Three blind mice piece is a rare find


Dear Helaine and Joe:

I have been helping my brother clear out his 3,000-square-foot house. Among the items in the library was a set of bookends. They have the Rookwood flame mark and are about 4 inches square. They feature three mice with their eyes covered and the number 6641 underneath along with “See No Evil” on the base. I can’t find anything about them — can you help?

Thank you,

C. B. H.

Dear C. B. H.:

The Rookwood pottery of Cincinnati was a prolific maker of bookends. Among other forms, collectors can find representations of penguins, rooks (crows), owls, horses, panthers, dogs, children reading, girls sitting on benches, sphinxes, ships and so forth.

These rarely bring more than a few hundred dollars at auction, but there are exceptions depending on subject matter, glaze color and condition. Some of the more valuable include seals, ladybugs, double owls, castle gates, double geese, roosters, swans, pelicans and yes, three blind mice, which is what we have in today’s question.

C. B. H. tried to be very good about reporting the marks on the piece, but she left out one of the more important details. Under the flame mark should be a date mark expressed in Roman numerals. In this case, it should be XXVII for 1937.

The piece was created in that year by one of Rookwood’s most famous artists, Kataro Shirayamadani (1865-1948), who first worked at Rookwood from 1887 to 1915 and then again from 1926 to 1948. Shirayamadani is most famous as a painter, but he sculpted this design No. 6641 from which a mold (or molds) was made to produce this rare pair of bookends.

Rookwood was founded in 1880 and is considered by some to be the premier maker of artist-made pottery in the United States. But the firm also made commercial or more mass-produced art wares of which the pair of bookends is an example. Some of their artist-created pieces can bring tens of thousands of dollars each but few of their commercial or production line pieces bring more than a few hundred dollars each.

The Pelicans and the rooster bookends mentioned earlier can sometimes sell for more than $2,000 at auction, but the three blind mice example in today’s question generally sells for as much as $1,500 at auction if their ears have not been repaired. Perfect examples would bring more, and we see the pieces being retailed in the $2,000 to $3,000 range.

At this juncture we want to make the point strongly. People should not clear out houses containing art, antiques and collectibles without professional advice. Without such advice, it would be easy to sell something like this pair of Rookwood bookend for just a few dollars. This happens all the time, but it is not in the best interest of the owner.

One last word of caution: Never, never, never sell anything to the person giving the advice mentioned above or the person pricing your possessions. It is unethical for such persons to buy, and owners would be very unwise to sell to such individuals. But it happens all the time.

———

Helaine Fendelman and Joe Rosson have written a number of books on antiques. Do you have an item you’d like to know more about? Contact them at Joe Rosson, 2504 Seymour Ave., Knoxville, TN 37917, or email them at treasures@knology.net. If you’d like your question to be considered for their column, please include a high-resolution photo of the subject, which must be in focus, with your inquiry.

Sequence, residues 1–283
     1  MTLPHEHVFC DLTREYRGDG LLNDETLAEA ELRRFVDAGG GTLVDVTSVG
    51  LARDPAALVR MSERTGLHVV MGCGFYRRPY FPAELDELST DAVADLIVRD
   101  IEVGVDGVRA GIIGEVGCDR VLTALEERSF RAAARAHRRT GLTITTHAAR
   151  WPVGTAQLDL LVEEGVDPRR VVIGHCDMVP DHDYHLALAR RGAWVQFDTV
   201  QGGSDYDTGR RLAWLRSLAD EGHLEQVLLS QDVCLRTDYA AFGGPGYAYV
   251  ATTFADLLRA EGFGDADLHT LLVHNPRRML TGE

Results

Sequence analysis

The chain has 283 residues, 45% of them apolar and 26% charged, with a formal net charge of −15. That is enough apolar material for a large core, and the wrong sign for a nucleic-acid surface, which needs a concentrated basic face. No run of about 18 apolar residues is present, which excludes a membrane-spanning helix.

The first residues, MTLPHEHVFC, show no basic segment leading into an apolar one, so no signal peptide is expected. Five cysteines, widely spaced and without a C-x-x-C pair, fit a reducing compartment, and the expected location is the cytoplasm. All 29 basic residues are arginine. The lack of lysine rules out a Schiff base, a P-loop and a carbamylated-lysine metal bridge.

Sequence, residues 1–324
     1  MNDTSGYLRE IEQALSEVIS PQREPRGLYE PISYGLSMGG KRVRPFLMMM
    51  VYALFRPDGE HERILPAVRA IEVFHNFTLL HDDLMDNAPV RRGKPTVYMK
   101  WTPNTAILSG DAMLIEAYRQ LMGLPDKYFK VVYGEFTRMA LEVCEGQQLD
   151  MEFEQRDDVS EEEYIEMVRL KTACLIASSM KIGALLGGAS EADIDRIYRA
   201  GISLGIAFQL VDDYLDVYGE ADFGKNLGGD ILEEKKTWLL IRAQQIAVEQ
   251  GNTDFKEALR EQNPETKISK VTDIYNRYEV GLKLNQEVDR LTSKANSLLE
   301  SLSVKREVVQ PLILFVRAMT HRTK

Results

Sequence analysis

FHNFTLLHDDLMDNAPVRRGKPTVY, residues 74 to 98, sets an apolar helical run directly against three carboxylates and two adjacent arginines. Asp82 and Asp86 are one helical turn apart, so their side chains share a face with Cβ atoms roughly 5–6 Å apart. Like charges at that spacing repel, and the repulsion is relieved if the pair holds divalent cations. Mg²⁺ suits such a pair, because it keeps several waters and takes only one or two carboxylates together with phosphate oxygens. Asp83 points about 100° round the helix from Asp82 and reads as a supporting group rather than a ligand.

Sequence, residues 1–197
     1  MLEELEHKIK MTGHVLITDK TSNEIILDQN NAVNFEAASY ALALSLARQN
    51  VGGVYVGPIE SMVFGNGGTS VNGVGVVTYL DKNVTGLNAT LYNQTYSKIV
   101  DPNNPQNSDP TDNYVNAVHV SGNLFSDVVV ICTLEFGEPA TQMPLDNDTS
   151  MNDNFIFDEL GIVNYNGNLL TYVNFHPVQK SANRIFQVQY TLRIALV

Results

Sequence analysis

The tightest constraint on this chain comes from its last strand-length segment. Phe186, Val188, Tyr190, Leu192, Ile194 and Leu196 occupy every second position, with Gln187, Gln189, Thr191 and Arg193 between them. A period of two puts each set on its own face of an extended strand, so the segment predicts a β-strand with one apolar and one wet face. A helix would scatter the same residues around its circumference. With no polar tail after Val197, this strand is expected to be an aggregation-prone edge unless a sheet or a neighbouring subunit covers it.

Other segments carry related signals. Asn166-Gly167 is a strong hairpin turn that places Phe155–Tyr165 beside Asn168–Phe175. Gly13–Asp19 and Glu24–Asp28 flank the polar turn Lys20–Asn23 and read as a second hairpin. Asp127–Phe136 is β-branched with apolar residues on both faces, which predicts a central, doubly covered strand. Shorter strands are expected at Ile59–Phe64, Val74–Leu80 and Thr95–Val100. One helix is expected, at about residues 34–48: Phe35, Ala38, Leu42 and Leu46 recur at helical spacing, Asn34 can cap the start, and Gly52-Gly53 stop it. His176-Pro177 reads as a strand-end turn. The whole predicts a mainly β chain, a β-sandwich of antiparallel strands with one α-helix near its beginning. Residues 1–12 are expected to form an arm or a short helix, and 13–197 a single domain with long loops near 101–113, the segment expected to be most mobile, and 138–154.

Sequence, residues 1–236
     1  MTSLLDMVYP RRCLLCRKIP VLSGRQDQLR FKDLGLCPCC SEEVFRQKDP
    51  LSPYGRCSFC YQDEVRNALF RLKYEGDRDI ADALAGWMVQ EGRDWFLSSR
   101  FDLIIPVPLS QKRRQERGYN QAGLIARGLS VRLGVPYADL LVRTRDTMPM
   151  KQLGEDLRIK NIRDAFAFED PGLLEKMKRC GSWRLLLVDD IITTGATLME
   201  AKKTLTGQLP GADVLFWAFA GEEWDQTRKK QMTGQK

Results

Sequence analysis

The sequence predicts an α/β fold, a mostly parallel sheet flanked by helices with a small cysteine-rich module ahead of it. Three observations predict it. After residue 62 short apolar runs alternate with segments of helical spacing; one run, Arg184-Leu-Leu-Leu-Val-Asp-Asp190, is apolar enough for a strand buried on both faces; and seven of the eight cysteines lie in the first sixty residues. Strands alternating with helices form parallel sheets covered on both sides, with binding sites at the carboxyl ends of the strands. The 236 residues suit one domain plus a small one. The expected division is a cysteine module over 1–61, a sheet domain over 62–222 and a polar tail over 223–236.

Reader Comments ...


Next Up in Living

Atlanta Concerts this week: Lyle Lovett, Alice Cooper
Atlanta Concerts this week: Lyle Lovett, Alice Cooper

Alice Cooper heads to town Monday with Deep Purple. Photo: Balazs Mohai/MTI via AP BY MELISSA RUGGIERI/AJC Music Scene SATURDAY Earth, Wind & Fire and Chic EWF always puts together a creative summer tour package, and aligning with the funky-fresh Nile Rodgers and Chic will make for a groove-filled night ...
Teens and the distorted reality of social media
Teens and the distorted reality of social media

Irving Berlin was an American composer and lyricist, widely known for some of the most popular all-American songs. He wrote hundreds of tunes, many of which became major hits, making him a celebrity before turning 30. In addition to composing favorites such as “God Bless America” and “Easter Parade,” he also wrote “I&rsquo...
A season of hellos, goodbyes and new beginnings
A season of hellos, goodbyes and new beginnings

It’s something of an historical moment in Atlanta theater, a year of celebration and change. Robert J. Farley is staging his final season at Georgia Ensemble Theatre (GET), the playhouse he founded a quarter-century ago in Roswell. After GET’s silver anniversary season, Farley hands the baton to associate artistic director Alan Kilpatrick...
Gallery exhibitions focus on photography
Gallery exhibitions focus on photography

The smart money this fall is on photography, a genre the story-telling South has always excelled at. With its gorgeous light, delightfully off-kilter people and lushly photogenic landscape, the South seems the ideal muse for the medium. In addition to the October events and exhibits surrounding the annual roster of lectures, exhibits and workshops...
An operatic debut, a beknighted pianist and a 20-year celebration
An operatic debut, a beknighted pianist and a 20-year celebration

Concert venues in Atlanta this fall will resound with the strains of classical music from beloved classics to hidden gems performed for the very first time in the city. The action centers on Symphony Hall and the Atlanta Symphony Orchestra’s 2017-18 season, but many other venues are hosting performances that promise to rank among the most intriguing...
More Stories